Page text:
Karina Lin ’19 Encourages Wayfair to Bring Diversity to the Tech Industry

August 21, 2018
Karina Lin speaks in front of a classroom of middle school students.
Credit:
Karina Lin

When Karina Lin ’19 arrived at Wellesley, she had no interest in taking STEM courses. At the urging of her Ultimate Frisbee teammates, Lin decided to give computer science a try. She’s glad she did.

Now a computer science and sociology major, Lin worked this past summer as a software engineering intern at Wayfair, the online seller of home goods headquartered in Boston’s Copley Place. But engineering was not her only focus during her internship.

Upon learning she’d be working at Wayfair, Lin reached out to Rosa Carson, the head of tech talent development at the company. “When Karina got in touch with me, she said she was interested in diversity and inclusiveness,” said Carson. “She suggested a Community Coding Day. We gave it some thought and talked it through, and it seemed like an activity we could try out. It aligns with our efforts to support diversity, equity, and inclusion.”

The purpose of the July 27 event, said Lin, was to introduce Boston middle school students from diverse backgrounds to computer science. “Our goal was to inspire students from underrepresented groups to get involved with STEM, software engineering in particular, as well as provide a direct experience of being welcomed into our field,” she said. “It also gave the company an opportunity to give back to the larger Boston community in a meaningful way, addressing the discrepancies that we see in the tech industry every day.”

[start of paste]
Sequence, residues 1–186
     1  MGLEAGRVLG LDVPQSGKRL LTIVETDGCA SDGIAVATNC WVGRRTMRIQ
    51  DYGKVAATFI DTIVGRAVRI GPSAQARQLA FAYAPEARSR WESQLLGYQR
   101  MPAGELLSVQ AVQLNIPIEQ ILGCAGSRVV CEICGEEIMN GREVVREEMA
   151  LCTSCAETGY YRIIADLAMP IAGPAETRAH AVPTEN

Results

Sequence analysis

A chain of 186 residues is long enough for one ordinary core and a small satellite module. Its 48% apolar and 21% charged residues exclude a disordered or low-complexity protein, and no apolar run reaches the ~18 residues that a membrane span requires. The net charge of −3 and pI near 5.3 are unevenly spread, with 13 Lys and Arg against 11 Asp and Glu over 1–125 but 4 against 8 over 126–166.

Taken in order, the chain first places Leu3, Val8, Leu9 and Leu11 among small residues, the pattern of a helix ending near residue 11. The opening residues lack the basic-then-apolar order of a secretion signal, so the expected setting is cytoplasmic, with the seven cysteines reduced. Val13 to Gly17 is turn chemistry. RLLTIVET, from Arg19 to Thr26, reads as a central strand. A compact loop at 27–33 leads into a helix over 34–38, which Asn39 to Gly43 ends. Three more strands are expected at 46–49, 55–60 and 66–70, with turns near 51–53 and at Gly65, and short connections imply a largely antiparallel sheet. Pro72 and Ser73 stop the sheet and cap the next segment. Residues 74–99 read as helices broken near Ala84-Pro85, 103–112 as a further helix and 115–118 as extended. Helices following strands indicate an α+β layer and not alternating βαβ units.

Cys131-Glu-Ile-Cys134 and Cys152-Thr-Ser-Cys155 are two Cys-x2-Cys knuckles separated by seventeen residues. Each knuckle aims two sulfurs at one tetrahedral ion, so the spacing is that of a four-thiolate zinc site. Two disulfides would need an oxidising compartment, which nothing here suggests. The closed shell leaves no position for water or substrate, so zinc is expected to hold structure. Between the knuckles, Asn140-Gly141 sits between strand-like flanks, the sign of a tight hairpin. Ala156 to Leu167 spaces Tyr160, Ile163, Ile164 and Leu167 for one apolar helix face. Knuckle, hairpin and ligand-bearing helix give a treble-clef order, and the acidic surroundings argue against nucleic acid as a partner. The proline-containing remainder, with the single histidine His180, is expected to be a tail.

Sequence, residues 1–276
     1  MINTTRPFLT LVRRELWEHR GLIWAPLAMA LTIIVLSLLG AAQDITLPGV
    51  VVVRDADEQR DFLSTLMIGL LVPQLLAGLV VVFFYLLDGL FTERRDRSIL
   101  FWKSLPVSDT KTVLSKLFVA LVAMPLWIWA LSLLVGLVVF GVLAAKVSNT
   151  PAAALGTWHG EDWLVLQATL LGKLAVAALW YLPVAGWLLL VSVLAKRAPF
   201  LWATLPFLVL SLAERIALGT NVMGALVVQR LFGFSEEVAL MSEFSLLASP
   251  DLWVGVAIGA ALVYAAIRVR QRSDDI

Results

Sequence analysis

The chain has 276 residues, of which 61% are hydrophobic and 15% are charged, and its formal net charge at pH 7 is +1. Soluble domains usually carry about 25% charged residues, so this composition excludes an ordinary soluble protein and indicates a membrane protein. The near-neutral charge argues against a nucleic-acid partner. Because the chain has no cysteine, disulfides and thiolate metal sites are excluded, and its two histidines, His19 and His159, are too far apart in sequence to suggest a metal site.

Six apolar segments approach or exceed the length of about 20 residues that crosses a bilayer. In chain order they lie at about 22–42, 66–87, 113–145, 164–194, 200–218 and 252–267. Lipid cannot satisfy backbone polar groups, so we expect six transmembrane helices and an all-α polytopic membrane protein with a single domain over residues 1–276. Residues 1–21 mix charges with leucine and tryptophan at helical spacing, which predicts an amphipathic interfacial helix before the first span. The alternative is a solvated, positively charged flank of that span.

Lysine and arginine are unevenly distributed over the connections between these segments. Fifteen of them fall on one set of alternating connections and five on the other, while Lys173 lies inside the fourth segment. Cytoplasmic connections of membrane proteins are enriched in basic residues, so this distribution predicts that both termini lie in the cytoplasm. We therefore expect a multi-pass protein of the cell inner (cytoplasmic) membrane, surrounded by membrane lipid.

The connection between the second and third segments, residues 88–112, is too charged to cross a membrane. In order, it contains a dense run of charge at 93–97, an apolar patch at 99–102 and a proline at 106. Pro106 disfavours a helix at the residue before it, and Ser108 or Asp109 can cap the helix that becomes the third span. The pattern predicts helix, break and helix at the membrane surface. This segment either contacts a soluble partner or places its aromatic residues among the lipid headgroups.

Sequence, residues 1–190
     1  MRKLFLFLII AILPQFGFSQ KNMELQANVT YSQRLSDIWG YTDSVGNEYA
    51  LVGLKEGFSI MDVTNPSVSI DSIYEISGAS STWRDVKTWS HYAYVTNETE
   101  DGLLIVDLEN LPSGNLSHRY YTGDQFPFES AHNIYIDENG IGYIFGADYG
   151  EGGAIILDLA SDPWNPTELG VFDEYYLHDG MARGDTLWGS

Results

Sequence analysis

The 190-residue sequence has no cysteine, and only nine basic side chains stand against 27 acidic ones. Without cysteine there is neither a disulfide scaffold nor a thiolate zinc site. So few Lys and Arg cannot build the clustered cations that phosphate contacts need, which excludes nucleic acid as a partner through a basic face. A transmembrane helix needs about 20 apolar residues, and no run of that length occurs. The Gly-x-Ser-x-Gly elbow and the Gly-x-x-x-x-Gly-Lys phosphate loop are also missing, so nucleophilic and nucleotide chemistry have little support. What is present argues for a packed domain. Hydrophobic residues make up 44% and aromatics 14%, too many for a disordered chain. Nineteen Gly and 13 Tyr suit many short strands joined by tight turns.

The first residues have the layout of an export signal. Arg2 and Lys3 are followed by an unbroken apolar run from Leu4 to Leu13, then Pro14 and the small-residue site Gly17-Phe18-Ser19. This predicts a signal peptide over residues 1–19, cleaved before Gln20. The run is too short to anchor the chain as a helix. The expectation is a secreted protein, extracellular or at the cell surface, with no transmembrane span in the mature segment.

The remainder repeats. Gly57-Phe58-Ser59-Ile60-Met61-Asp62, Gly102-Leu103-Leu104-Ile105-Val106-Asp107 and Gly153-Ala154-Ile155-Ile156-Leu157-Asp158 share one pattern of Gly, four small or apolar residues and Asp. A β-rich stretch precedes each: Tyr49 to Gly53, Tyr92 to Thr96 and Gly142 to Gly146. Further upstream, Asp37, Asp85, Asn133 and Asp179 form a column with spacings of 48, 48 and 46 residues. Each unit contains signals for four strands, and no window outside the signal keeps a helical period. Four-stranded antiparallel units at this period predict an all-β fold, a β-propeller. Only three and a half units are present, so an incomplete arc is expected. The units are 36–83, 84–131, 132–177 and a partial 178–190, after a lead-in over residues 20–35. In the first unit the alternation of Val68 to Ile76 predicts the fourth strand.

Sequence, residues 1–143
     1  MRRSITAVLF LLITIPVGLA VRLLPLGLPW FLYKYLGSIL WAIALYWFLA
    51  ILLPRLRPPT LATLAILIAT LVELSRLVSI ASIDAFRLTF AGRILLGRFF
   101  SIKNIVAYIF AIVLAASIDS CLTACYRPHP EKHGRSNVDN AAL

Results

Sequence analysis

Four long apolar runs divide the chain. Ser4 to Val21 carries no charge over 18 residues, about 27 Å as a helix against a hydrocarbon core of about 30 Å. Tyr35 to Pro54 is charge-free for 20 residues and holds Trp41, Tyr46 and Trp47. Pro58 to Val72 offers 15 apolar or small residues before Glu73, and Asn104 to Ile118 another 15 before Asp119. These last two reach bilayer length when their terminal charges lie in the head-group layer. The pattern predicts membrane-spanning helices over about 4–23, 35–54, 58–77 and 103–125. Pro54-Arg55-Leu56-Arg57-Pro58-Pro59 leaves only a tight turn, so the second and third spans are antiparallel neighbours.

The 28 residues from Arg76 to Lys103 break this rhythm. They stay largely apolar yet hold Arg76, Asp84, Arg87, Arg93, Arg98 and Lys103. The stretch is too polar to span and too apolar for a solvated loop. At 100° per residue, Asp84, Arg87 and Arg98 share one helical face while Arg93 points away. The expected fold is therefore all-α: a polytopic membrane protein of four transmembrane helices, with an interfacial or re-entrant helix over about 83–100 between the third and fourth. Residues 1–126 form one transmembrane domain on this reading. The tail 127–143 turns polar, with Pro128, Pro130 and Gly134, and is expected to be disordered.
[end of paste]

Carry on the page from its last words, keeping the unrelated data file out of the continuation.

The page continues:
Lin encountered some of those discrepancies in previous internships at tech companies, where she found the workplace dominated by white males, an experience that prompted her “to think about her identity in the context of being a minority.” As a student, Lin said, “Wellesley challenged me to think about topics like my identity and inequality. At my internships, I was suddenly in the minority, and it was challenging to apply my new learnings to real-world situations.”

About 100 Wayfair employees worked as mentors or volunteers in a day that included three workshops that engaged 120 students in activities related to computer science and coding. “Community Coding Day was an opportunity for us at Wayfair to directly challenge the narrative that only certain types of people are cut out for computer science, welcome them into our field, and support them through their potentially first experience in tech,” said Lin.

Carson said the success of the event has led the company to develop an internship opportunity in which Lin will expand the concept into “a longer term and ongoing program.”

Photo: Karina Lin ’19 speaks to a classroom of students at Wayfair's Community Coding Day.